Ahead of the Open | August 4, 2022
Corn: 1 to 3 cents higher.
Soybeans: 13 to 15 cents higher.
Wheat: HRW and SRW 4 to 5 cents higher, spring wheat 9 to 12 cents higher.
GENERAL COMMENTS: Soybean futures firmed late in the overnight session amid corrective buying following three days of sharp declines. Corn and wheat also rose. Malaysian palm oil futures fell 1.2% on projections for higher inventories. Front-month crude oil futures edged slightly higher after earlier falling to a six-month low. U.S. stock index futures signal a firmer open, while the U.S. dollar index is down around 250 points this morning.
Crop moisture stress remains a “big concern” in the northwestern U.S. Corn Belt, but rain is expected to impact much of the region over the late weekend and early part of next week, World Weather Inc. said today. “Only partial relief is expected, but sufficient rain should occur to take the edge off of stress for a little while,” the forecaster said.
A Turkish bulk carrier is expected to arrive in the Ukrainian Black Sea port of Chornomorsk on Friday and will be the first vessel to come into a Ukrainian port since the war began, a spokesperson for the regional administration of Odesa said. The Turkish bulk carrier OSPREYS “is heading from the Dardanelles Strait to the port of Chornomorsk,” the spokesperson wrote late Wednesday.
The Kremlin said on Thursday the deal to unblock Ukraine’s grain exports from the Black Sea was not a “one-time mechanism,” and that it hoped it would continue to work effectively. “This is not a one-time mechanism, but a mechanism that is designed to ensure the export of the grain that has accumulated in these ports,” Kremlin spokesman Dmitry Peskov told reporters.
China fired multiple missiles around Taiwan on Thursday as it launched its largest ever military drills a day after a visit by U.S. House Speaker Nancy Pelosi (D-Calif.) to the self-ruled island that Beijing regards as its sovereign territory. China’s Eastern Theatre Command said it had completed multiple firings of conventional missiles on waters off the eastern coast of Taiwan as part of the planned exercises. The last time China fired missiles into waters around Taiwan was in 1996.
Malaysia's palm oil inventories at the end of July may have risen to the highest in eight months due to improving production and soaring imports, based on a Reuters survey. Stockpiles in the world’s second-largest producer expanded 8.3% from June to 1.79 MMT, according to the median estimate of 11 traders and analysts. Production is expected to have climbed 2% to its highest since November.
Taiwan purchased 50,910 MT of U.S. milling wheat. Japan purchased 122,103 MT of wheat from its weekly tender, including 54,680 MT of U.S., 32,410 MT of Canadian and 35,013 MT of Australian. Iran purchased between 180,000 and 240,000 MT of milling wheat likely to be sourced from Russia.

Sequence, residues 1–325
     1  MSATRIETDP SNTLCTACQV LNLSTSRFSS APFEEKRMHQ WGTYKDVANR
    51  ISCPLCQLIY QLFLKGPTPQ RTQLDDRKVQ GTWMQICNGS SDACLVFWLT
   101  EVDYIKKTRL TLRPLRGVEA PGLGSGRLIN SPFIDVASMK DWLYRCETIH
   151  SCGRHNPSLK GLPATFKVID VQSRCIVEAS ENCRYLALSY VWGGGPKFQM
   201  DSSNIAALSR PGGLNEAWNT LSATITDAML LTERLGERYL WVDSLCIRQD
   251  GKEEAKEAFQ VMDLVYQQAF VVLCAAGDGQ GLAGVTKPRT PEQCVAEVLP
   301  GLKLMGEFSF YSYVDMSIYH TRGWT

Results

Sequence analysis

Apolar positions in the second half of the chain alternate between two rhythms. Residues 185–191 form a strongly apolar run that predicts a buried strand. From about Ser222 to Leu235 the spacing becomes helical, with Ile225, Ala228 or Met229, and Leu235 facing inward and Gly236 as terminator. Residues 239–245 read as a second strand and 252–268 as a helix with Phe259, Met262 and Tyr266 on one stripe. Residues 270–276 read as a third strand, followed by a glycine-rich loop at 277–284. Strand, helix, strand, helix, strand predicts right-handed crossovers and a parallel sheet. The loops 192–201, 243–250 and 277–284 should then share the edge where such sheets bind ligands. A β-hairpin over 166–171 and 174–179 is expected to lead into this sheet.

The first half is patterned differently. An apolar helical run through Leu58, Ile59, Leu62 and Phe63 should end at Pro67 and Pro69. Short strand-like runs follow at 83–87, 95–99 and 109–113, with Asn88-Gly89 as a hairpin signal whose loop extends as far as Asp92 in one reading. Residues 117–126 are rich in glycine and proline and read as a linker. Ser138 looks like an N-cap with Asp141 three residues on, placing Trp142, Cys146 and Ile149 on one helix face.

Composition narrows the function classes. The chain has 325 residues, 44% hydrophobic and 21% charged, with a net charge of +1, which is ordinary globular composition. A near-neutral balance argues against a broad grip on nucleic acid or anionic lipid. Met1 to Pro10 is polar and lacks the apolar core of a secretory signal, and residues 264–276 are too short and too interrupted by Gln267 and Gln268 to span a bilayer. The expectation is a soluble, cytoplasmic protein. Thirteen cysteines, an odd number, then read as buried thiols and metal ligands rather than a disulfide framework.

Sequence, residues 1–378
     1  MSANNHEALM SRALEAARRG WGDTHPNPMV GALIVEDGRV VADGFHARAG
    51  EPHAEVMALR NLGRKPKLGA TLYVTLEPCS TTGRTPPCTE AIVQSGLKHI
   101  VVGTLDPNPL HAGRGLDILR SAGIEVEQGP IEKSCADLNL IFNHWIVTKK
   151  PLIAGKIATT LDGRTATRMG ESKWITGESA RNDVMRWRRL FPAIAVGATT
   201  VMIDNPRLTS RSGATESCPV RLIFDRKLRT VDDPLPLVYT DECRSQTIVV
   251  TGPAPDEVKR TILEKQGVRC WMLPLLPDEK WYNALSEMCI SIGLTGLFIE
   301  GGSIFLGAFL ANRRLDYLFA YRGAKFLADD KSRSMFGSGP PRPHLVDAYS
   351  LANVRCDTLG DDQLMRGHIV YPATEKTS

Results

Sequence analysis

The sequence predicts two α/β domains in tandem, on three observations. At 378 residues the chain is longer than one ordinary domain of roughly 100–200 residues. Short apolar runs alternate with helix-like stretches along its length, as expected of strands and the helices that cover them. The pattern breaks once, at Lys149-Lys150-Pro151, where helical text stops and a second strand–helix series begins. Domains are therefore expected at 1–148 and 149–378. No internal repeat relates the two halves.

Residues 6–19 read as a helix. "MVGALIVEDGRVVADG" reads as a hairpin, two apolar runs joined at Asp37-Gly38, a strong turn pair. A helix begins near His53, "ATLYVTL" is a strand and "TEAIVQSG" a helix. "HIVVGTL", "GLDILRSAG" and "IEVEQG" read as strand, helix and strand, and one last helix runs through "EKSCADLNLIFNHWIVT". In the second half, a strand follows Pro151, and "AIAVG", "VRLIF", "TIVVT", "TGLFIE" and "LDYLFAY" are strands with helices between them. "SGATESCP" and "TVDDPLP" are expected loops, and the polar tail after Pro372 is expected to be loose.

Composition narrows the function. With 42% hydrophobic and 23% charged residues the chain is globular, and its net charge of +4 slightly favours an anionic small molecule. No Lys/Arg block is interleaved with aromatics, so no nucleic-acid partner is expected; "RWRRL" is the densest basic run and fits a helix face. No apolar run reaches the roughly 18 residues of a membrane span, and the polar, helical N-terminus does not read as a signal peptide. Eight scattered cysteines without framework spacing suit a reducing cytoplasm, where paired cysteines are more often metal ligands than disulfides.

CORN: Net U.S. corn sales for 2021-22 totaled 57,900 MT during the week ended Aug. 4, down 62% from the previous week but up 31% from the average for the previous four weeks. For 2022-23, net weekly sales totaled 256,700 MT, up from 193,700 MT the previous week and within trade expectations ranging from 100,000 to 400,000 MT.
SOYBEANS: USDA reported net weekly soybean sales reductions of 11,000 MT for 2021-22, down 81% from the previous week and down 90% from the prior four-week average. A sales increase of 124,800 MT for China was more than offset by reductions of 229,500 MT for “unknown destinations.” That marked five of the past six weeks in which there were net old-crop sales reductions. For 2022-23, net sales totaled 410,600 MT, primarily for unknown destinations (154,000 MT) and China (144,000 MT). New-crop sales were within trade expectations ranging from 200,000 to 700,000 MT.
WHEAT: Net weekly wheat sales totaled 249,900 MT for 2022-23, down 39% from the previous week and down 55% from the prior four-week average. Sales were at the low end of expectations ranging from 200,000 to 550,000 MT. September SRW wheat firmed overnight after dropping 11 cents Wednesday to $7.63 3/4, a six-month closing low.
CATTLE: Live cattle futures may extend Wednesday’s surge to three-month highs on followthrough technical strength and a firmer-than-expected cash market. Wednesday’s rally was led by October and December contracts, signaling traders could be looking ahead to a tightening supply of market-ready cattle in the fourth quarter and beyond. Deferred live cattle futures hold a premium to nearby prices, but the tighter supply outlook should continue to provide solid underlying support. Choice beef cutout values fell 52 cents Wednesday to $267.94 on movement of 106 loads.
USDA reported net weekly U.S. beef sales of 12,000 MT for 2022, down 52% from the previous week and down 30% from the average for the previous four weeks. October live cattle rose $1.825 Wednesday to $143.95, a three-month closing high.
HOGS: Lean hog futures may face pressure from weakening cash fundamentals. The CME lean hog index is down 63 cents today to $120.94 (as of Aug. 2), its second straight daily decline after a nearly month-long rally. The pork cutout value fell $5.53 Wednesday to $125.49, led by a drop of more than $26 in bellies. While cash fundamentals are likely to trend lower seasonally into year-end, traders appear overly pessimistic with the big discounts built into fall- and winter-month futures. Net weekly pork sales totaled 31,000 MT, up 43% from the previous week and up 35% from the prior four-week average. Increases were primarily for China (16,800 MT, including decreases of 300 MT).
August lean hogs rose $1.15 Wednesday to $121.00, the highest close for a nearby contract since June 2021, while October futures fell 37.5 cents to $95.85.